The construction of impermeable surfaces and haphazard storm water management have led to surface water runoff that overwhelms the city’s drainage infrastructure. As a result, Nairobi faces increased instances of flash floods, waterlogging, and erosion during rainy seasons. These drainage problems not only disrupt daily life but also pose threats to public health and safety.

The Need for a Balanced Approach:

While the construction boom is undoubtedly driving economic growth and urban development in Nairobi, it is essential to adopt a balanced approach that takes into account the value of nature-based solutions. Sustainable urban development can coexist with green spaces, low vegetative landscapes, and tree systems, provided that planners and developers prioritize these elements in their designs.

Solutions for Nairobi’s Future:

1. Green Building Standards: Nairobi could implement green building standards that encourage the integration of nature-based solutions within new developments. This might involve requirements for green roofs, reflective surfaces, and sustainable landscaping.

2. Reforestation Initiatives: Promote city-wide tree planting initiatives. These programs can help reestablish tree canopies that provide shade and enhance the aesthetics of urban areas.

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3. Green Corridors and Parks: Develop green corridors and expand urban parks to create interconnected green spaces within the city. These areas can serve as both recreational hubs and natural drainage zones.

4. Urban Design for Resilience: Integrate climate-resilient urban design into future construction projects, including green infrastructure elements and sustainable water management.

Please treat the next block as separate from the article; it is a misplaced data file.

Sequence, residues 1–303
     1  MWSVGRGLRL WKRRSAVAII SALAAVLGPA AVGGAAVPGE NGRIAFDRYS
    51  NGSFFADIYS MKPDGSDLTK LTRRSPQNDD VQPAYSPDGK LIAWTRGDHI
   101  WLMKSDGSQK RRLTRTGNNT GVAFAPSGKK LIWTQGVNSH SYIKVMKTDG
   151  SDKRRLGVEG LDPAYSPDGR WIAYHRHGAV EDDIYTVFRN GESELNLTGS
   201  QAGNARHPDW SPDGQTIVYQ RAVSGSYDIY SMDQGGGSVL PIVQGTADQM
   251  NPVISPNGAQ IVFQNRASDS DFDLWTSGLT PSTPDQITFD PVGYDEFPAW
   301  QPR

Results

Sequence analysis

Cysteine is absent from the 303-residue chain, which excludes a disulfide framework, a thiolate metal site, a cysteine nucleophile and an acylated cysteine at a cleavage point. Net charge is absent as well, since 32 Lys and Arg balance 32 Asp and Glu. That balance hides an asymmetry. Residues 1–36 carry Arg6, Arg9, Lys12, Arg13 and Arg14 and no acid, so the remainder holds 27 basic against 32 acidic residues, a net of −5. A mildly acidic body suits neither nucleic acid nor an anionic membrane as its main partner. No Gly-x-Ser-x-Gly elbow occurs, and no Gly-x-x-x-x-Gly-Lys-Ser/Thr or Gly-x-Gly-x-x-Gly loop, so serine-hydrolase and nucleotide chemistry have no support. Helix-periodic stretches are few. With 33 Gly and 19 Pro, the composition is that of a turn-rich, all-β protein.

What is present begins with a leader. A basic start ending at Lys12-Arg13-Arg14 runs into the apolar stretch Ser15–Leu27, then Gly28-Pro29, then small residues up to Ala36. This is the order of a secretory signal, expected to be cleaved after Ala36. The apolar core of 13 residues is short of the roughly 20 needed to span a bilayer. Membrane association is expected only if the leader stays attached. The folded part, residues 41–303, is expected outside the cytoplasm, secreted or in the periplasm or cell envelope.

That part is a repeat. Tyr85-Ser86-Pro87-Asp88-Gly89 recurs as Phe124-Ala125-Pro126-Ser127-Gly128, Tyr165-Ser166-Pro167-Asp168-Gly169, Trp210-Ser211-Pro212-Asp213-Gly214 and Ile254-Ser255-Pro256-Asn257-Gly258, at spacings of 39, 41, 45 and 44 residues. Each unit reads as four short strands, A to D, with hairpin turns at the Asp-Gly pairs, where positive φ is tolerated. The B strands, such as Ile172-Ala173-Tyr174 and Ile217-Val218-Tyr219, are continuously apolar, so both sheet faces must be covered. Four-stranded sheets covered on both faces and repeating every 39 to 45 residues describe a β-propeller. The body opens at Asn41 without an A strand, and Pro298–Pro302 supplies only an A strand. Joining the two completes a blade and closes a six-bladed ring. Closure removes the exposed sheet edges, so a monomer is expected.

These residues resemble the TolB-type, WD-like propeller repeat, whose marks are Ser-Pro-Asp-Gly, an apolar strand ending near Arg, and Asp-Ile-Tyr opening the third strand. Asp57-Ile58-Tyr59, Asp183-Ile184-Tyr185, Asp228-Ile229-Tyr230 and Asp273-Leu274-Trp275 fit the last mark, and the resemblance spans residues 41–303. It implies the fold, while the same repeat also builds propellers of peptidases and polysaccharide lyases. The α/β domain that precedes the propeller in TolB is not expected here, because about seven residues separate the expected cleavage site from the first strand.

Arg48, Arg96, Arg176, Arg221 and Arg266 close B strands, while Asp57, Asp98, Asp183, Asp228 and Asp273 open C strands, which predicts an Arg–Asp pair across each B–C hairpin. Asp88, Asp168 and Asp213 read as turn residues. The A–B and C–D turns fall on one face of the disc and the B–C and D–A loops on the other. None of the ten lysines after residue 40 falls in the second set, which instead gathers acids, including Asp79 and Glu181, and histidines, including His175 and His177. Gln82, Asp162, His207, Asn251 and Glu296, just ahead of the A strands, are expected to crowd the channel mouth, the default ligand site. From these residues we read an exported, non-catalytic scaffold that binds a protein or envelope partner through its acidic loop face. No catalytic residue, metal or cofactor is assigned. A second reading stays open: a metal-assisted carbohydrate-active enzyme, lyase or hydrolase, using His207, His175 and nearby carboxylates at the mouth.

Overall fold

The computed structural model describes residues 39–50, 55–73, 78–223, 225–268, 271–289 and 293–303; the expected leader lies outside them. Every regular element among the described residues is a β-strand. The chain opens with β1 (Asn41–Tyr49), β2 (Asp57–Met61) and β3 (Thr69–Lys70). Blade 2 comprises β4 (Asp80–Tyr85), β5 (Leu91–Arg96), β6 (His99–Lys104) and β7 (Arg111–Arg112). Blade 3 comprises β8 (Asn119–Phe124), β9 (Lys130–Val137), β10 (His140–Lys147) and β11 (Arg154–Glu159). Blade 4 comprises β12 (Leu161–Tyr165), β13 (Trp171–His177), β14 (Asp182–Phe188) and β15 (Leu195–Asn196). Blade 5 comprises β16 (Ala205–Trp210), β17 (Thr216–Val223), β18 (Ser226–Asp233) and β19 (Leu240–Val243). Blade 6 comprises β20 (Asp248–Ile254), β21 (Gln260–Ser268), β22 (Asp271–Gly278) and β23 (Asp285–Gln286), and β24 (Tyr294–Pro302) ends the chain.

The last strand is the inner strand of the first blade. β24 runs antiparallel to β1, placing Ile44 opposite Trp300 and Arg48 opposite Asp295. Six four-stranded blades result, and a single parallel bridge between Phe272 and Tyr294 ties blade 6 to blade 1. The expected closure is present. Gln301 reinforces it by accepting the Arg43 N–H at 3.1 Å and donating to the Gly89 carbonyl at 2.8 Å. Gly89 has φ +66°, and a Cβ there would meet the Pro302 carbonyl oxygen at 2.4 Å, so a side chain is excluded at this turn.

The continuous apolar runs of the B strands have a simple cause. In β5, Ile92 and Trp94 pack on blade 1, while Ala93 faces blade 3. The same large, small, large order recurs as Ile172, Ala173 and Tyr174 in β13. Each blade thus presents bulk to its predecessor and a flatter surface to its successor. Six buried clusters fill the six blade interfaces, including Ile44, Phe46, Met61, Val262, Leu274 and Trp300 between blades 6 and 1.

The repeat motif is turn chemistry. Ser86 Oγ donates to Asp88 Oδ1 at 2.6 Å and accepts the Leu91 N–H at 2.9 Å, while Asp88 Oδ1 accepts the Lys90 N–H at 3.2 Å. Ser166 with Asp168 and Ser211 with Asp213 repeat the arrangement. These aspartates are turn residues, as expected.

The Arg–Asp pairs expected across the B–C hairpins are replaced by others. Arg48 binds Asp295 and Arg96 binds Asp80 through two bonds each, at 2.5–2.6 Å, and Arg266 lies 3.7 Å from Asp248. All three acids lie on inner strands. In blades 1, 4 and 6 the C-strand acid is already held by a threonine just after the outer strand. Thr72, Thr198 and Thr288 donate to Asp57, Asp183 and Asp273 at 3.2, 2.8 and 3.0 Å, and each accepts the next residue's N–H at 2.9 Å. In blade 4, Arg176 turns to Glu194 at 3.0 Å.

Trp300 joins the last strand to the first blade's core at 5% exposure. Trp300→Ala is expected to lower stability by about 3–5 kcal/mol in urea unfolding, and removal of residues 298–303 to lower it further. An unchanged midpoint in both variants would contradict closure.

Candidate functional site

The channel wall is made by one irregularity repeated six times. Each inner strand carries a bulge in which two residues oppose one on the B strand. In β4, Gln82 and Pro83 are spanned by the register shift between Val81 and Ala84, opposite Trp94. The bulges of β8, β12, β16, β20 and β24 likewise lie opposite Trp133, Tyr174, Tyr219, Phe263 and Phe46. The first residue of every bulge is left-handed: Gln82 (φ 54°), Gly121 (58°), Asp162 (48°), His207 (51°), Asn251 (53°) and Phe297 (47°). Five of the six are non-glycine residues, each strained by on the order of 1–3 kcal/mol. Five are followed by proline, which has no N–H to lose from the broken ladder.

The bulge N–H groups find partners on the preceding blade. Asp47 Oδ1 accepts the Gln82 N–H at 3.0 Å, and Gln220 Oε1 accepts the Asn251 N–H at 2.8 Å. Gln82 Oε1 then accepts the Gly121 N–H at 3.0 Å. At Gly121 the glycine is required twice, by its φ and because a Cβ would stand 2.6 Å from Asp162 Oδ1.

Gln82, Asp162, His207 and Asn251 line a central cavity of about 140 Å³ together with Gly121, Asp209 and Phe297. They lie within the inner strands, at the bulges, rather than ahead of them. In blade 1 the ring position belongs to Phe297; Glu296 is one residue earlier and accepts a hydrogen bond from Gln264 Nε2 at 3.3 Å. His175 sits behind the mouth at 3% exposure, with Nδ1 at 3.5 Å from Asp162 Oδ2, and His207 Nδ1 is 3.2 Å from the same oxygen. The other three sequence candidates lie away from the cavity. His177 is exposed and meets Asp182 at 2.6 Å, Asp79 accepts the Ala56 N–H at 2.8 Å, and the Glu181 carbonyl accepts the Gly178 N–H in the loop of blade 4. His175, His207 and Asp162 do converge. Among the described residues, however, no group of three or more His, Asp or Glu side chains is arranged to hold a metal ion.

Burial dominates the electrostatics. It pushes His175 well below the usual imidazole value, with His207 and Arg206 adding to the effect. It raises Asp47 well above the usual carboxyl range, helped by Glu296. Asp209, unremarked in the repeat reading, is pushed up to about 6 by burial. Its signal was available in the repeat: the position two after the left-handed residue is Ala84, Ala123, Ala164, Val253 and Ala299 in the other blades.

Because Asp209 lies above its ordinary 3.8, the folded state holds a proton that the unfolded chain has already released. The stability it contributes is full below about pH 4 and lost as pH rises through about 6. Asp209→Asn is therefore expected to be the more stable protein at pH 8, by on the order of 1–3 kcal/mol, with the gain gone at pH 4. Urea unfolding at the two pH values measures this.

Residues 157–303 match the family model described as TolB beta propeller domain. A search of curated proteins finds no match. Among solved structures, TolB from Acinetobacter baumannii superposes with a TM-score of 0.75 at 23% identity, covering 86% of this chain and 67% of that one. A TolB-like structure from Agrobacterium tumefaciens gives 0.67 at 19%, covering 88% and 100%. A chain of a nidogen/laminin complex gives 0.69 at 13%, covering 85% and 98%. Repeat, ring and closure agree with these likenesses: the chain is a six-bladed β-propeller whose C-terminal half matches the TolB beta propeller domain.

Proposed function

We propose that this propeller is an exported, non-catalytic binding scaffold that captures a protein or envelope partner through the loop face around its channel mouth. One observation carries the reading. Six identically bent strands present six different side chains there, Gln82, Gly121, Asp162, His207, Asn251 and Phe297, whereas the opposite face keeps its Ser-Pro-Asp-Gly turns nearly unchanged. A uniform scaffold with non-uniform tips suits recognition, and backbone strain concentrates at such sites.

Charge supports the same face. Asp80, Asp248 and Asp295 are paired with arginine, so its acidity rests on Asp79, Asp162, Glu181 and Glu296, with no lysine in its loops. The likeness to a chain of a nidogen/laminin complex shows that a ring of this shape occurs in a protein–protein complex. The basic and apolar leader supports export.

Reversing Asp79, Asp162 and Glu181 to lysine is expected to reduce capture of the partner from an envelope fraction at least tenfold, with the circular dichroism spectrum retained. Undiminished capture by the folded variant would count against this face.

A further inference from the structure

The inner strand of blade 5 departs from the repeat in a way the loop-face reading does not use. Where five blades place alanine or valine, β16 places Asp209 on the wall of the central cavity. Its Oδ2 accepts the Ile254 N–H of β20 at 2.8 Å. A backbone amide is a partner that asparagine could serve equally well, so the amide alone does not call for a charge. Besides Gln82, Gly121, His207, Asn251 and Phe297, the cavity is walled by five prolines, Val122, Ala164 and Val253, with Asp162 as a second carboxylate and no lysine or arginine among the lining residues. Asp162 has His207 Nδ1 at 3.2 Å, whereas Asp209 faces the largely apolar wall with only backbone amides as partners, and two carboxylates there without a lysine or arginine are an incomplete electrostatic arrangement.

5. Public Awareness and Advocacy: Raise public awareness about the importance of preserving green spaces and nature-based solutions. Encourage community engagement in conservation efforts.

6. Urban Heat Mapping: Use technology, such as satellite imagery and thermal sensors, to map UHIs and assess their intensity across the city. This data can inform targeted strategies for UHI mitigation.

7. Public Transportation: Promote public transportation and sustainable urban design to reduce the reliance on private vehicles. These strategies not only mitigate UHIs but also contribute to lowering greenhouse gas emissions.


The construction boom in Nairobi presents both opportunities and challenges for the city’s future. It is crucial to recognize the value of nature-based solutions in mitigating the adverse effects of urban heat and drainage problems. By embracing sustainable urban planning and development that preserves and integrates green spaces and vegetation, Nairobi can continue to prosper while maintaining its status as a “Green City in the Sun.” Balancing urbanization with nature-based solutions is not only a choice for today but an investment in the health and well-being of future generations.